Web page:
New film shows West Texas oil roots

Growing up in Midland, Ty Roberts would hear stories from his father and his grandfather, who both broke into the oil industry in the early days.

His grandfather began back in the ‘30s when he rode the train down from Oklahoma to begin working as a roughneck in the oilfields, and his father followed in his footsteps, working for Shell in the ‘50s.

“Growing up out there, I always wanted to write a story based on the independent oil man,” Roberts, a filmmaker, said. “And I had incorporated that type of character into other stories before, but never had a full-fledged West Texas wildcatter sort of story.”

It wasn’t until around 2009, when he read the book “The Iron Orchard,” that Roberts found his West Texas wildcatter story. And on May 5, his film adaptation of the book will be premiering at the Dallas International Film Festival.

“The Iron Orchard” is a fictional 1966 book by Tom Pendleton telling the story of Jim McNeely, who is thrust into the West Texas oilfields in the late ‘30s and becomes a formidable wildcatter, a driller of oil wells.

Roberts said the book reminded him of the story of his grandfather, and saw it as an opportunity to tell people about the prolific effects the Permian Basin oil fields have had, as he said many aren’t aware of what the area has done for Texas and the world.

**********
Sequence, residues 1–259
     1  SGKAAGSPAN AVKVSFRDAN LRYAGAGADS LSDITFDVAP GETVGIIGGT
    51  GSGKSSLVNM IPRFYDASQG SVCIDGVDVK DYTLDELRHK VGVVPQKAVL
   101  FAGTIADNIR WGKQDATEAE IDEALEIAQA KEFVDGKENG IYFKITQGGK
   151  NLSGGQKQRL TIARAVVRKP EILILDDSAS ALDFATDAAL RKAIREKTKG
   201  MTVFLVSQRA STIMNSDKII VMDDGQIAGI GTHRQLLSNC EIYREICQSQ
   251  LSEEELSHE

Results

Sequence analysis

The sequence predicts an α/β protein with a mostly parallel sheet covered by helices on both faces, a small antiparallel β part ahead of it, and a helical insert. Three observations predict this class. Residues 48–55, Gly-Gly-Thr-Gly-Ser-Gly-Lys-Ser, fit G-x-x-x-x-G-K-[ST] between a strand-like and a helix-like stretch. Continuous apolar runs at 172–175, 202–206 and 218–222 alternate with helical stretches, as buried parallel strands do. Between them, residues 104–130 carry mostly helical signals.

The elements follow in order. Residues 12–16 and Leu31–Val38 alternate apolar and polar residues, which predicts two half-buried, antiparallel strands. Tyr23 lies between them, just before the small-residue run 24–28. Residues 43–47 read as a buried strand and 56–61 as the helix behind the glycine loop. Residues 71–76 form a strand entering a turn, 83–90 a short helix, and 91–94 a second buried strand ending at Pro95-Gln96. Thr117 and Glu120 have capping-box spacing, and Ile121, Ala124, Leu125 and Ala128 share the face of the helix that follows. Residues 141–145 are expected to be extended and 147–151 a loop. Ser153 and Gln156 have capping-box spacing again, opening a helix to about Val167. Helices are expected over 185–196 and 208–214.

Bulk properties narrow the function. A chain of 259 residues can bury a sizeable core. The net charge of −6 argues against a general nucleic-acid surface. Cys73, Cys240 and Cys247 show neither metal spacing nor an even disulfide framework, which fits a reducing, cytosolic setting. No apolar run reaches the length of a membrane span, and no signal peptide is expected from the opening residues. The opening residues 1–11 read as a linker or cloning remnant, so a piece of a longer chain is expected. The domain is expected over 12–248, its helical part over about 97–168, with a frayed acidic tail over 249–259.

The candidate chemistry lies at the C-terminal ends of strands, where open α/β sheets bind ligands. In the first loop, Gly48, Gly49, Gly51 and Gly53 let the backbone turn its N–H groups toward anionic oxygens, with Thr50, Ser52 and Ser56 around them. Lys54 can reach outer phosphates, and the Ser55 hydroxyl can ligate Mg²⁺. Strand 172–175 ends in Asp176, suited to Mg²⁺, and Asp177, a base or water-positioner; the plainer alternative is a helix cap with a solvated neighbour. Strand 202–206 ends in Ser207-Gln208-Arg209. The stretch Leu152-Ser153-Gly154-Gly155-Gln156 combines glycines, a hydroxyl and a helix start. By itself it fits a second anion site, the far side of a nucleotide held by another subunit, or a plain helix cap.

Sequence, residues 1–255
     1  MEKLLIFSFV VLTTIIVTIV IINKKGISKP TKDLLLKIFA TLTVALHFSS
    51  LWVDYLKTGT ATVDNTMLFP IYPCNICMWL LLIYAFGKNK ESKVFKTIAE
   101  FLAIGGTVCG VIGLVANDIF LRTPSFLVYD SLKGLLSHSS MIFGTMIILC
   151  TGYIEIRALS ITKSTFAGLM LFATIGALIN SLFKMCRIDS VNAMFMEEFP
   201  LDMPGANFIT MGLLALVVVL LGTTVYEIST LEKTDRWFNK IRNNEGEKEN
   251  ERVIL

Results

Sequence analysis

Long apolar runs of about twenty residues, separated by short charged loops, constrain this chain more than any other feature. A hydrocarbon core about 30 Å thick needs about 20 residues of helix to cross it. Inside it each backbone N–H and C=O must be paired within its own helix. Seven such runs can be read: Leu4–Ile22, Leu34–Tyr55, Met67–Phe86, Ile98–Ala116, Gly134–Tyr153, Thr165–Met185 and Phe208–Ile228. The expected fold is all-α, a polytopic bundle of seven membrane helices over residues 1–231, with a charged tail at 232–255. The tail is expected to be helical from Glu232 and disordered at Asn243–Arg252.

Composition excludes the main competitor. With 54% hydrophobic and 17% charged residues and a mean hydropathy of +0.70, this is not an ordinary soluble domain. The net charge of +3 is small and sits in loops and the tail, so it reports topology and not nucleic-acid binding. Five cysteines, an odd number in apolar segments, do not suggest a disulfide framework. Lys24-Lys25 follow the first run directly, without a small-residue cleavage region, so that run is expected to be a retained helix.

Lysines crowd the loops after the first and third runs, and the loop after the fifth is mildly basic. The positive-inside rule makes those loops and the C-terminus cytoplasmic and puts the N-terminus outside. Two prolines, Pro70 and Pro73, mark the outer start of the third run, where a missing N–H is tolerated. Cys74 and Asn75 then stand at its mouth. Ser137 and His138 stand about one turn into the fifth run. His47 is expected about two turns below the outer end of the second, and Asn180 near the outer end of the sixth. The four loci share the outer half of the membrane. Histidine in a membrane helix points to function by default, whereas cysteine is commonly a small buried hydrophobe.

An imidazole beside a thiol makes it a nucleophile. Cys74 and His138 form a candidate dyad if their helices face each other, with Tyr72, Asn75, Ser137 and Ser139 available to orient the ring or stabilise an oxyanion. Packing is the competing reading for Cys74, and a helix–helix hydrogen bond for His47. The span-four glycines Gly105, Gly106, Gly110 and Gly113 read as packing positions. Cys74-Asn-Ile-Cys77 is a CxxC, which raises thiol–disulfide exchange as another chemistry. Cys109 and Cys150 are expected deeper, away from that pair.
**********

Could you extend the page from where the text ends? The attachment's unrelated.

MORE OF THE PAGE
“From a personal level, I think it’s really fascinating,” he said.

Roberts has been trying to get the movie made since around 2010 or 2011, he said, and began raising money around 2013. All of his financial partners involved in the funding of the movie were either involved in the oil business or had relatives in the field, which caused the movie to get put on the backburner for a while following the 2014 oil crash.

The film stays authentic to its story as well, as the movie was filmed in the Permian Basin, mainly in Big Spring and also some scenes in Midland. Roberts said they had some local help from local oil rig companies who allowed them to shoot on their rigs for a couple days at no cost.

“That doesn’t happen anywhere else,” Roberts said. “Everybody shared a real strong sense of ‘let’s tell our story.’ ”

Roberts said that at some point in the future he plans to have screenings of the film at locations in West Texas.

“The Iron Orchard” will be joining a long legacy of films either filmed in or set in West Texas, including movies such as “Giant” and “Friday Night Lights,” and films which, while weren’t filmed here, were set in the region, such as “No Country for Old Men” and “Hell or High Water.”

“West Texas has a very enigmatic and sort of mythic scale to it that really no other place does,” Roberts said. “I just couldn’t do it any other way. I wanted this to be an authentic account of how the roustabouts and wildcatters lived and drilled and loved and spent their days and lives.”

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